Behavioral bias and the momentum factor
The momentum factor captures persistence of returns of securities that have performed relatively well (or poorly) in recent periods. Momentum can be measured with a variety of indicators such as price momentum, earnings momentum or other metrics such as analyst ratings.
Over time, outperforming (underperforming) assets tend to continue to perform well (or poorly) in the near term. Academics and practitioners attribute the additional return to behavioral biases. That is, it’s human nature for investors to continue driving up (or down) prices once they start a trend.
In behavioral economics this phenomenon is known as “recency bias,” which causes people to place too much emphasis on their latest experiences when they predict the future. For instance, investors might assume that a stock that has done well over the last year will continue to do well, while one that has had problems will continue to struggle. As a result, there's a systemic bias causing the trend to continue into the next period. When a momentum security begins to turn around, it can create significant losses for investors over a short period of time, but most people don’t notice until the process is well under way. As a result, momentum can be a bumpy ride at times even if it delivers a premium in the long run. Prospective investors should also bear in mind that momentum strategies also involve a high level of turnover, requiring efficient trading to capture the premium.
The chart below presents the cumulative log returns of the broad US equity market along with those of momentum stocks defined as the top 30 percent of stocks ranked by momentum (prior 2-12 month returns) from December 1926 through May 2019. Viewing these outcomes in log terms allows us to mitigate the impact of compounding and easily visualize how the factor has performed over very long time periods.
Because the human behavior driving the performance of momentum strategies is likely to persist, we would expect the premium to continue existing in the future.
Structural bias and the low volatility factor
At first glance, low volatility as a factor seems counterintuitive to the notion of greater returns being a compensation for greater risk. A lower-volatility (or lower-risk) security ought to have a lower return. Yet a low volatility factor approach has been proven to add value over time. What’s the explanation?
We first offer a point of clarification. It is not necessarily the case that lower volatility securities outperform higher volatility securities. What has been shown in the data is that on a riskadjusted basis, lower volatility securities tend to do better. Academics and practitioners believe that structural constraints likely generate the low volatility premium. If we re-revisit the Capital Asset Pricing Model, included in it is the assumption that all investors can borrow and lend at the risk-free interest rate in unlimited amounts. Clearly this assumption is unrealistic. Consider that many institutional investors are not allowed to use leverage at all or are reluctant to do so even if they can. In general, they do not seek to enhance returns through leverage. Instead, these investors seek to achieve outcomes like those that might result from the application of leverage by seeking out stocks with higher betas relative to the market.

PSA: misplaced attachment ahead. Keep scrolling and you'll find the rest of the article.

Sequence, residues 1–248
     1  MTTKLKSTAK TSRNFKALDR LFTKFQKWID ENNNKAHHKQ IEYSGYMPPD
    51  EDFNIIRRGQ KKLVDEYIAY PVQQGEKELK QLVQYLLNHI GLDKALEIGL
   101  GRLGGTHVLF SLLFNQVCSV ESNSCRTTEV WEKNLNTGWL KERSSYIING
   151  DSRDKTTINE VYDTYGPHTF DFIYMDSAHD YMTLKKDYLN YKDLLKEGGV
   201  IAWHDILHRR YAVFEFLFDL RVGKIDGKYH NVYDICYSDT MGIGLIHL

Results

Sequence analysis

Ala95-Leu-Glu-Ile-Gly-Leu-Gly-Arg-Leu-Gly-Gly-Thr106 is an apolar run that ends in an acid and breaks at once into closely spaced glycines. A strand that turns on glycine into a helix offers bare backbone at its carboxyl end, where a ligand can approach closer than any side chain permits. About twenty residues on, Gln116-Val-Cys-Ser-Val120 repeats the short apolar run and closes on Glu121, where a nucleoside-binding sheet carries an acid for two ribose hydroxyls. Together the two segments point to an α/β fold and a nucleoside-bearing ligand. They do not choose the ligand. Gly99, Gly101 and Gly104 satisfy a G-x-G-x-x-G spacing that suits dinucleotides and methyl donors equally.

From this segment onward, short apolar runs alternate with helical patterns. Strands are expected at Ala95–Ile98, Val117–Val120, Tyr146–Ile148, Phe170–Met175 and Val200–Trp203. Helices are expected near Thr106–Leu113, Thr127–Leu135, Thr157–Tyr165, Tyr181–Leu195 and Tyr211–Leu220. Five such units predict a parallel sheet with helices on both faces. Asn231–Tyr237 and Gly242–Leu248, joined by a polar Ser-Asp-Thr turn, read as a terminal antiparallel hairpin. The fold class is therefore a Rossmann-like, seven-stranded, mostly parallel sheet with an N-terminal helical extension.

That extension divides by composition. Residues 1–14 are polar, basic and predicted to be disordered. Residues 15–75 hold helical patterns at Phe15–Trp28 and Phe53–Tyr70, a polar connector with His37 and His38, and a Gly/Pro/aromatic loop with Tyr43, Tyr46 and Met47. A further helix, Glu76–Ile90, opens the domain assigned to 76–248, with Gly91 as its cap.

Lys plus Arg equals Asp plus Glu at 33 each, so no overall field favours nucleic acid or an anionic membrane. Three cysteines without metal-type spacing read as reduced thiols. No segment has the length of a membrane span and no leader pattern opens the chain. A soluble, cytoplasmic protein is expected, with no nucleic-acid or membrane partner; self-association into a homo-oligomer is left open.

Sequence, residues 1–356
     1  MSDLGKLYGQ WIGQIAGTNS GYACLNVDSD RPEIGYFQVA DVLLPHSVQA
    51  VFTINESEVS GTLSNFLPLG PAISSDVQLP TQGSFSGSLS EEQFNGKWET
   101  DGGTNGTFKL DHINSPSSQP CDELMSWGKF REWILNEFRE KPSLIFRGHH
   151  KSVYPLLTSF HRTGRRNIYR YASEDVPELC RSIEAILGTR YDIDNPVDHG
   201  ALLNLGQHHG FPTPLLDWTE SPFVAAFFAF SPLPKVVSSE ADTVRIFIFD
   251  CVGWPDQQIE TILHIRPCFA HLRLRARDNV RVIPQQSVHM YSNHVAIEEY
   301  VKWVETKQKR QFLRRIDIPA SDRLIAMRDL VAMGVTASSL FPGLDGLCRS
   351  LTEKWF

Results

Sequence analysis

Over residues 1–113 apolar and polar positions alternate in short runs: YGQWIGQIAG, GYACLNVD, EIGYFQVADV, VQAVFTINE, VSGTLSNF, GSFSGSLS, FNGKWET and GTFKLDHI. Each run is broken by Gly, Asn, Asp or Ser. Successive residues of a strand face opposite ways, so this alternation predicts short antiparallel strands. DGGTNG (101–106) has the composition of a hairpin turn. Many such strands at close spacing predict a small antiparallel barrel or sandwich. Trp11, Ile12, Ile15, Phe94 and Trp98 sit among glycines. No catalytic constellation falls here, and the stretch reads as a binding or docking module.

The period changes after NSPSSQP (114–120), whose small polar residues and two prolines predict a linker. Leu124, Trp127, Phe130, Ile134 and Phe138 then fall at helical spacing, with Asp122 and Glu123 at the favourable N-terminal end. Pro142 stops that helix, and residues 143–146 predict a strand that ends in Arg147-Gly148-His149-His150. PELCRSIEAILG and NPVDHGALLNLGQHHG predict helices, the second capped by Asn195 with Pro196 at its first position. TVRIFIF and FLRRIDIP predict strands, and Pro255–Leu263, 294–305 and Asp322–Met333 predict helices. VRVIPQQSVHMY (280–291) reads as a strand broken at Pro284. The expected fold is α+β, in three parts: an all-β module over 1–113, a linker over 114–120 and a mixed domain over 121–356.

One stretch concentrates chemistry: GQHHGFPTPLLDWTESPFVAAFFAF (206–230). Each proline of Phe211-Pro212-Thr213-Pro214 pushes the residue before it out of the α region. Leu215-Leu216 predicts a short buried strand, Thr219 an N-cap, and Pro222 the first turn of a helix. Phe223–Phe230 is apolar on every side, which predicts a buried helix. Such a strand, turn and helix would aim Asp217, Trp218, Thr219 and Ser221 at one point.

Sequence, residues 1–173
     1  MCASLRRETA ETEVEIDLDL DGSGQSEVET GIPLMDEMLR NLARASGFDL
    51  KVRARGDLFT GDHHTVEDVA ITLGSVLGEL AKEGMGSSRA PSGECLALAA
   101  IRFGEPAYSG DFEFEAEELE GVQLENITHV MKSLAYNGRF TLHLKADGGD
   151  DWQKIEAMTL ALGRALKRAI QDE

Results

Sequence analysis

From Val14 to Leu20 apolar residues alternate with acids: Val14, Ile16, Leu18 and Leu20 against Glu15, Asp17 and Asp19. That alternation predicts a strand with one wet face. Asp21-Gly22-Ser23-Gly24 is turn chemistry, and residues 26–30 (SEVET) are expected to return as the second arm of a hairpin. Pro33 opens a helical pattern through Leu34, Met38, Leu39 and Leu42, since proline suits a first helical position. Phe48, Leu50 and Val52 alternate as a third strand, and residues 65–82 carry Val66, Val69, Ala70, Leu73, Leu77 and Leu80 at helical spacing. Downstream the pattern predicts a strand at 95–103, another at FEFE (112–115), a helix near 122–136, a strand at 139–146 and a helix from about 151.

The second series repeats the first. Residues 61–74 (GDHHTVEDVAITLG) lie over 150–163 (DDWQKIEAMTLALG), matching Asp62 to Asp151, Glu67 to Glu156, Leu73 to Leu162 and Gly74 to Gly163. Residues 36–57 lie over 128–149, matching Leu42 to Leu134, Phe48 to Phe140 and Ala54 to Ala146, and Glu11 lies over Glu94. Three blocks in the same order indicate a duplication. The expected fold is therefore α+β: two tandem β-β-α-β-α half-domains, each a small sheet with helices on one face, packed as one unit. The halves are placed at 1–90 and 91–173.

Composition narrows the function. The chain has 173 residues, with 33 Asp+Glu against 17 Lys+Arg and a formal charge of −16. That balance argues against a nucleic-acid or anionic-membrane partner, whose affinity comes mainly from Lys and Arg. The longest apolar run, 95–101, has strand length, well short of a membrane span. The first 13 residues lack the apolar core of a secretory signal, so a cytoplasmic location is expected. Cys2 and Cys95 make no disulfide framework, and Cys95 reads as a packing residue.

These stocks tend to have a higher sensitivity to market movements, which can make them more volatile and also means they have the potential for bigger gains relative to the market — and bigger losses. That drives the prices of high-beta stocks up and low-beta stocks down. As a result, low-risk securities tend to be more attractively valued than high-risk securities. This phenomenon is observed not just in equities but also in bonds and commodities.
As shown in the chart below, between January 1995 and May 2019 low volatility stocks have provided better performance, on average, than the market-cap-weighted S&P 500 Index over all months. When we look at average returns over months when the S&P 500 Index posted positive returns, we find that low volatility stocks provided positive but lower returns by 0.9%, on average, than the broad index. However, when we look at average returns over months when the S&P 500 Index posted negative returns, we find that low volatility stocks posted negative but substantially better returns by 2.1%, on average, than the broad index. This aligns with the notion that low volatility stocks can achieve their returns as a function of both a lower beta and, more specifically, by having greater upside than downside.
We expect this risk premium to persist as long as institutions restrict leverage while also demanding high returns — and as portfolio managers are driven in turn to seek higher returns by investing in highly volatile securities.
Risk premium and the size factor
Some factors’ effectiveness can be attributed to risk premiums, where investors take on specific risks that are rewarded by higher returns.
One may be the size factor. The effectiveness of the size factor at generating excess returns can be explained by the fact that shares of smaller companies with low market capitalizations can be harder to sell in falling markets — a kind of illiquidity premium. It could also be that smaller companies are less equipped to survive unforeseen market turmoil than larger more established companies and there is less information available about them than larger companies. This might reasonably cause investors to demand a higher expected return to attract investment.